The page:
Format

Send to

Choose Destination
See comment in PubMed Commons below
Trials. 2011 Jan 11;12:7. doi: 10.1186/1745-6215-12-7.

Accrual and drop out in a primary prevention randomised controlled trial: qualitative study.

Author information

1
Department of Health Sciences, University of Leicester, UK. hce3@le.ac.uk

Abstract

BACKGROUND:

Recruitment and retention of participants are critical to the success of a randomised controlled trial. Gaining the views of potential trial participants who decline to enter a trial and of trial participants who stop the trial treatment is important and can help to improve study processes. Limited research on these issues has been conducted on healthy individuals recruited for prevention trials in the community.

METHODS:

Semi-structured interviews with people who were eligible but had declined to participate in the Aspirin for Asymptomatic Atherosclerosis (AAA) trial (N = 11), and AAA trial participants who had stopped taking the trial medication (N = 11). A focus group with further participants who had stopped taking the trial medication (N = 6). (Total participants N = 28).

RESULTS:

Explanations for declining to participate could be divided into two groups: the first group were characterised by a lack of necessity to participate and a tendency to prioritise other largely mundane problems. The second group's concern was with a high level of perceived risk from participating.Explanations for stopping trial medication fell into four categories: side effects attributed to the trial medication; starting on aspirin or medication contraindicating to aspirin; experiencing an outcome event, and changing one's mind.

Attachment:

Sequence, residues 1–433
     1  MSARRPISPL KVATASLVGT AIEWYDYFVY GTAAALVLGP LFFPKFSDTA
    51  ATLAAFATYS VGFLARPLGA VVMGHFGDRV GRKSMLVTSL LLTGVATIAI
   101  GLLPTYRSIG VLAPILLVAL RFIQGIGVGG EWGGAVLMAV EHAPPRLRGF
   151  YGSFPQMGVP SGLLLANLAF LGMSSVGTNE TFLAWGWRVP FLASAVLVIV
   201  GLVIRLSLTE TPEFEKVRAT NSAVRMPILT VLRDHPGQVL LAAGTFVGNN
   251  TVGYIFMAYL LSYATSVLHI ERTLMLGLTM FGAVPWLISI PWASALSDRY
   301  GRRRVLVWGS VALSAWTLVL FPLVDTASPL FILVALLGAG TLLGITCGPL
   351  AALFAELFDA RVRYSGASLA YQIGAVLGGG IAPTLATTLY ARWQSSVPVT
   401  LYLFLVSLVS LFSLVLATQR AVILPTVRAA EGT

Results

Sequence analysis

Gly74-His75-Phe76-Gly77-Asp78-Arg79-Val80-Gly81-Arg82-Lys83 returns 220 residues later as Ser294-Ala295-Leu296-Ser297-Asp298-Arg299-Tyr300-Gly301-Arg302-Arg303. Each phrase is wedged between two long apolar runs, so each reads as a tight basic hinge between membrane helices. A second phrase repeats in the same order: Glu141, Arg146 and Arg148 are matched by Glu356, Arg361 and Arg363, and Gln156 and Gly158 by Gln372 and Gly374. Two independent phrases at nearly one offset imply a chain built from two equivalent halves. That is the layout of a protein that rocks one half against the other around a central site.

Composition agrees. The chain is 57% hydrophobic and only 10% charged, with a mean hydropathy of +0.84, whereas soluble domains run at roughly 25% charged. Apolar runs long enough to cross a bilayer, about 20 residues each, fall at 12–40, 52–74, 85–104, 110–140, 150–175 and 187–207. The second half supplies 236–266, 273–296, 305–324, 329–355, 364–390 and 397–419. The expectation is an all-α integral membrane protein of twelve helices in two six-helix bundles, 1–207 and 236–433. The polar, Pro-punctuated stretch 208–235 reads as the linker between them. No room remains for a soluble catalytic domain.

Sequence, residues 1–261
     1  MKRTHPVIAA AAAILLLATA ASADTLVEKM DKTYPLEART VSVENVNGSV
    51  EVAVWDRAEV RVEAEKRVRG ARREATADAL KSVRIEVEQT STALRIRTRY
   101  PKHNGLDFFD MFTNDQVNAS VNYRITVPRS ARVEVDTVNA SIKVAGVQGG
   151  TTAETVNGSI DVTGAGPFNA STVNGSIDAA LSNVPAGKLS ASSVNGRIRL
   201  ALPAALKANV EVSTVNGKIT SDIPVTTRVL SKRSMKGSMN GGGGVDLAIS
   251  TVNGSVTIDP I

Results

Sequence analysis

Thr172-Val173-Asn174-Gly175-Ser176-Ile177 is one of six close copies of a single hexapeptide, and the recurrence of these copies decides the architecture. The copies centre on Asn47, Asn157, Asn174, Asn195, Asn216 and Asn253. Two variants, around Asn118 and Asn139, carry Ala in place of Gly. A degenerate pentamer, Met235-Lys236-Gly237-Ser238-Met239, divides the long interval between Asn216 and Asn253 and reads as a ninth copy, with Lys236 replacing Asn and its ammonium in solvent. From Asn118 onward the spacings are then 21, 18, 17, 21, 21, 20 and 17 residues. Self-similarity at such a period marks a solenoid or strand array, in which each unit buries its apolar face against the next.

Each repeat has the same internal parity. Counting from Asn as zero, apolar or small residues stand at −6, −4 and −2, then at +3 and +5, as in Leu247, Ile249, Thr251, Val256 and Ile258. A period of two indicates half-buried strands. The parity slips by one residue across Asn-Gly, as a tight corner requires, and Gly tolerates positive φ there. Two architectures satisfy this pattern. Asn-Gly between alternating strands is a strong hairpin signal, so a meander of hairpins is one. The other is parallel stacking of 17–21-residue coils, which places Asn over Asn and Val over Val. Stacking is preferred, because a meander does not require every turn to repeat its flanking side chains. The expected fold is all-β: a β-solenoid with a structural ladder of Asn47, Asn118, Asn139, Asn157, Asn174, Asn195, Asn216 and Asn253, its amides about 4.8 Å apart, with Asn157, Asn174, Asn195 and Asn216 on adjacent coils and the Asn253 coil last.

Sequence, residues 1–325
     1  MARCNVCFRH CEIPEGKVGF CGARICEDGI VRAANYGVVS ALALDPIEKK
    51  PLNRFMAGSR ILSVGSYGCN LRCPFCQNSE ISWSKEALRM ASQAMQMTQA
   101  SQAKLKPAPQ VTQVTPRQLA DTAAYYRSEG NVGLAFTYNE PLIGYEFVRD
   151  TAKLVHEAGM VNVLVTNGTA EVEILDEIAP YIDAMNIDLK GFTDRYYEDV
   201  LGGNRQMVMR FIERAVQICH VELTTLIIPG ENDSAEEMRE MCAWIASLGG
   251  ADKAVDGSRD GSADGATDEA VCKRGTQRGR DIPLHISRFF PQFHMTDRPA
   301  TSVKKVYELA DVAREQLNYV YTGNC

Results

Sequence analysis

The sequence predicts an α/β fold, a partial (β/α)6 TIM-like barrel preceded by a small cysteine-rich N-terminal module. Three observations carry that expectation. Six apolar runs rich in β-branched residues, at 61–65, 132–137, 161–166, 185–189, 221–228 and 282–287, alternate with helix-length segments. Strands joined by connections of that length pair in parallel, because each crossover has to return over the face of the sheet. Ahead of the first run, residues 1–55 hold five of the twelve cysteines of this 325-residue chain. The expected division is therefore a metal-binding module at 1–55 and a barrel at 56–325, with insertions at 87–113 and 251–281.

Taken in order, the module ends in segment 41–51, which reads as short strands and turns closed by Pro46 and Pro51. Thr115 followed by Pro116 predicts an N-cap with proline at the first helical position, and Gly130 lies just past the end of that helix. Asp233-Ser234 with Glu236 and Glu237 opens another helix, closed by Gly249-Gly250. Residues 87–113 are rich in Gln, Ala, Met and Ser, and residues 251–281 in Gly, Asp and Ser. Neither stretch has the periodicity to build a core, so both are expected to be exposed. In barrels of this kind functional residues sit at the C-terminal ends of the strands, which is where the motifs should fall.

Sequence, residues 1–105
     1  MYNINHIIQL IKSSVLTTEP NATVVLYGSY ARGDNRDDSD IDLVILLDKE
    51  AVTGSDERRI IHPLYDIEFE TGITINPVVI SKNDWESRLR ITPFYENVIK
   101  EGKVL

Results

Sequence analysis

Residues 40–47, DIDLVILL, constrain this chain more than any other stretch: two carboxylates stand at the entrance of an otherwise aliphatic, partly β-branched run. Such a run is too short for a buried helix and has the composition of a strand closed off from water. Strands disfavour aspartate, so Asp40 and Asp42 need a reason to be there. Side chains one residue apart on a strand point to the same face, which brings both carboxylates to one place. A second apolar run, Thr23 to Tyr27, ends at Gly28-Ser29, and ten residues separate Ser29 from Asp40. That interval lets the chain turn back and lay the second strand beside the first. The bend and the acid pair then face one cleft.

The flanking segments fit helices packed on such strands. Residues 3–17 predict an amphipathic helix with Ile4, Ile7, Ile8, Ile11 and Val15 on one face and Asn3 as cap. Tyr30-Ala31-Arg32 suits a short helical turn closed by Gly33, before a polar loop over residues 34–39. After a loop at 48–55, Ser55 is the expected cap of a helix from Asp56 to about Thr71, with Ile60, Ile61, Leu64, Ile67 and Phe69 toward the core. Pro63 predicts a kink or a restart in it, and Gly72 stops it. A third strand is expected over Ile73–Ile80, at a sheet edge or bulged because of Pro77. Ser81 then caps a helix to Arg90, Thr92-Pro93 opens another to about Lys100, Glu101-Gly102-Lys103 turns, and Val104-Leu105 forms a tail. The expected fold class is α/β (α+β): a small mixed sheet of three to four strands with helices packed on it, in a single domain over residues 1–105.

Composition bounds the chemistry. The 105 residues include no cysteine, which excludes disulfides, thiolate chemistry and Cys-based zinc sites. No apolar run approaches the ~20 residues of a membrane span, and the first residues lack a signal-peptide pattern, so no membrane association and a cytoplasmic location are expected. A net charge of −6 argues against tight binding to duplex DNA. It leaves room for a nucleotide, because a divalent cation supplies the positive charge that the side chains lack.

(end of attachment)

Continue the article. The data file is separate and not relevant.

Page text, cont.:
CONCLUSIONS:

These results indicate that when planning trials (especially in preventive medicine) particular attention should be given to designing appropriate recruitment materials and processes that fully inform potential recruits of the risks and benefits of participation.

TRIAL REGISTRATION:

ISRCTN66587262.

PMID:
21223551
PMCID:
PMC3024954
DOI:
10.1186/1745-6215-12-7
[Indexed for MEDLINE]
Free PMC Article
PubMed Commons home

PubMed Commons

0 comments
How to join PubMed Commons

    Supplemental Content

    Full text links

    Icon for BioMed Central Icon for PubMed Central
    Loading ...
    Support Center